Buffalo Bill's medicine trail, or, Pawnee Bill, king of the rope

Buffalo Bill's medicine trail, or, Pawnee Bill, king of the rope

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Buffalo Bill's medicine trail, or, Pawnee Bill, king of the rope
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Buffalo Bill stories
Buffalo Bill
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New York
Street & Smith
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1 online resource (31 p.) 28 cm.: ;


Subjects / Keywords:
Dime novels. ( rbgenr )
Western stories. ( lcsh )
Buffalo Bill -- Fiction -- 1846-1917 ( lcsh )
serial ( sobekcm )

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Source Institution:
University of South Florida
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University of South Florida
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All applicable rights reserved by the source institution and holding location.
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020913198 ( ALEPH )
15929413 ( OCLC )
B14-00122 ( USFLDC DOI )
b14.122 ( USFLDC Handle )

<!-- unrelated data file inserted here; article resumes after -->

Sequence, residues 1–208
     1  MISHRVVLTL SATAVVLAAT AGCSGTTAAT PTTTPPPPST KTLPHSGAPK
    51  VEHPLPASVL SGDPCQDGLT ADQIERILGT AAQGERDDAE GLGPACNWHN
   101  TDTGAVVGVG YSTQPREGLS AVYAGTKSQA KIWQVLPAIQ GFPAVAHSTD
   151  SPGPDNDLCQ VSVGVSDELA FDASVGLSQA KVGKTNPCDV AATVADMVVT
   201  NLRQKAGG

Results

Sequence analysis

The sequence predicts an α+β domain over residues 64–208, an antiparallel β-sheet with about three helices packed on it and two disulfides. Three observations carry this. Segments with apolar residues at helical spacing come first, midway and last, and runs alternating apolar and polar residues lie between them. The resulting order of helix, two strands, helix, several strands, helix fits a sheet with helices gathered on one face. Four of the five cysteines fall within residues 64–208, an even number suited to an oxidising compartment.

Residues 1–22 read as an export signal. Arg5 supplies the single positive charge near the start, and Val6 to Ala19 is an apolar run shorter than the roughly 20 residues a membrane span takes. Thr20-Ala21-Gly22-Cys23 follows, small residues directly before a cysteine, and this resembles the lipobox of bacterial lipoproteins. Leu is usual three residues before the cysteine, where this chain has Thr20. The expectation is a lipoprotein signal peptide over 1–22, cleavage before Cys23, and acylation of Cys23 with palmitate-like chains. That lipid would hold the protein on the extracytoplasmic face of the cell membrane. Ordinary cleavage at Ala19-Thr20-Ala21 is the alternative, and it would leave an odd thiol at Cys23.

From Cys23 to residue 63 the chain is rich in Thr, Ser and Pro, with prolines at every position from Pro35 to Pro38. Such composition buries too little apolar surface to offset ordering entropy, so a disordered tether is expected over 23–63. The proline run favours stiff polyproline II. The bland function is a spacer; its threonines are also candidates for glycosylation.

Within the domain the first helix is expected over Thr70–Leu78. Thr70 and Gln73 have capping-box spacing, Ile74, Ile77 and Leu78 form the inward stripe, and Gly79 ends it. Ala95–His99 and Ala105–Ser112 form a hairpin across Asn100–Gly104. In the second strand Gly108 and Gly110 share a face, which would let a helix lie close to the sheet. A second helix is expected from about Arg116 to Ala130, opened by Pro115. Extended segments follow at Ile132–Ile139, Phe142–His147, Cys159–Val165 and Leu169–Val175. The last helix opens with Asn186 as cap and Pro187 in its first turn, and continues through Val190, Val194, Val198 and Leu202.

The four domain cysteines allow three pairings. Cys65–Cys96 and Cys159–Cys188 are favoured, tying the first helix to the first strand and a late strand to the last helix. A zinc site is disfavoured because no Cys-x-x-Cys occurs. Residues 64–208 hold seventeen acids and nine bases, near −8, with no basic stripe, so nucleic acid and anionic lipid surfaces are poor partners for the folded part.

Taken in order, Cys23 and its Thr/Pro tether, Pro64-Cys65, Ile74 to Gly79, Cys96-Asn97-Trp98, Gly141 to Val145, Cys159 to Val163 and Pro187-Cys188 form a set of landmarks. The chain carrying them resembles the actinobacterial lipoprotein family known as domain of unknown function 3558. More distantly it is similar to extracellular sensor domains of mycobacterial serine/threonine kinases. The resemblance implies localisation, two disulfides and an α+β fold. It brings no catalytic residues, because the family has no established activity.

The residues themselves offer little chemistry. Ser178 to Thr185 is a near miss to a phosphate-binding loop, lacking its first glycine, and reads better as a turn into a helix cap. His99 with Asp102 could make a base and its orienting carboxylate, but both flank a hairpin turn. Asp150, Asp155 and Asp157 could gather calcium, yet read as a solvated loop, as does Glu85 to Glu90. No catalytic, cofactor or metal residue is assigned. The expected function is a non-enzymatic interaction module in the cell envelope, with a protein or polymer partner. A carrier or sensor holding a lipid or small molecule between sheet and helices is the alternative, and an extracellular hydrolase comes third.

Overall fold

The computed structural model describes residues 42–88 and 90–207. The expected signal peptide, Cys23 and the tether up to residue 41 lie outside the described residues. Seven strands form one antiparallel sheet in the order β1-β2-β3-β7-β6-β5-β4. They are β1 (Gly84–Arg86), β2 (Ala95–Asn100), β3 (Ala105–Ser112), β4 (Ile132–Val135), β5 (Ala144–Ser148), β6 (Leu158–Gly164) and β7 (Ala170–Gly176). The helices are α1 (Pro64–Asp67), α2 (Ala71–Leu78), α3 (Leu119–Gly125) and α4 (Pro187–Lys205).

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A WEEKLY PUBUCATIO fVOTED TO BORDER UFE. Issued We e kly, Ente red as Secondc lass Matter at tM N. Y. Post Offi c e by STREET & SMITH, 79-89 Seventh Ave N. Y CQpyright, 1911 by STREET & SMITH. r 0 G and G C. Proprietors TER.MS T O BUFFALO BILL STORIE S MAIL SUBSCRIBERS. ( Potao Free.) Single Co p les or Bac k Numbers, Sc. Each. 3 months .. .......... .. '. .. .. .. .. ... 61ic 011e year .. .. .. .. . .. .. .. .. S 2 .50 4 m ontbs ... ... .................... 86c. 2 copies one year .................. 4.00 6 m onths . ......................... $1.25 1 copy two years .................. 4 .00 How to Send Money-By post-omce or express m o n e y orde r, reg istered let ter, bank check or draft. at our risk At y our own risk If sent by currency, coin o r postage stamps In ordinary l etter. Receipts-Receipt o f your remittance Is acknowl edged by proper change ofnumberonyourlabel. If not correct yon have not been properly credited, and s hould let us know at once. No. 538. NEW YORK September 2 1911. Price Five Cents. I I . BUFFALO BILL'S MEDICINE TRAIL; \ OR, Pawnee Bill, King of the Rope. l By the author of BILL." \ \ CHAPTER I. RAMON CORRAL. The dull booming of Indian drums rever b erated in the hill s "Ee-yah Ai-ee-yah-yah-h i" The song of the Indian dancer s rose slow, monoto nous, emphasized with inde s cribable grunts. The scene was a small valley ringed round with fire scarred peak s 'The dancer s were a dozen in number, barbarically painted and f e athered At otfe side, on the ground, sat the drum beaters hamme r ing 1 thy drums with their knuckles; and beside them squatted Blue Moon, leader of the Tali Indians since the dis c o mfiture and di s grace of the medicine man, Ne komis. "The Tatis must grow strong of heart said Blue Moon, as if to himself; for indeed he could not have been heard above the din of the dr' ums and that cbanting song of the dancers. "They have been a w eakling race; but n o w they must become warriors. For the w hite men are coming to drive them out ans! ta k e them to the faraway prison pens, where t h ey will die like the eagle that is captured on t h e T he y h a v e been slaves thr oug h t h e fa l sehoods of Nek o m is; now t h e y m u s t b e men and w a rrior s " Ai-ee-y a h T oo itp ah-yah-h-ah Ee-yah-a h -h Hoais -tee-pah Y ah-ah'! Sho-ni-kee wah-iss tik-wee Ai -e e-y a h !" "Listen! The T ati s are men! Yes! Listen again Strong men are w e! Hear! We are the thunder and the l ight n ing that s t r ikes L isten So r an the word s of t he song, in the Tali dialect. The danc e was a grotesque and s l ow hop, with pa uses; t h e b o d y s t oop ed fo r w a rd Round and round they went, in sing le file, n ow and t hen striking thei r hands toge t her Somewhere : sk ulkin g f n the hills was the disgraced Nek o mis h iding fo r his li f e A year before he had been the all-powerful medicine man of the Talis, wh ose wo r d was law; for he was supposed to ha"'.e reeeived the appr o va l of the h ill spirits Buffalo Bill had l a id h i s preten ses bare and he was now hiding from the Indians he had decei v ed and en slaved . I t is a l o ng s t ory; bu t the s u bstance can be put int o a f e w shor t paragraphs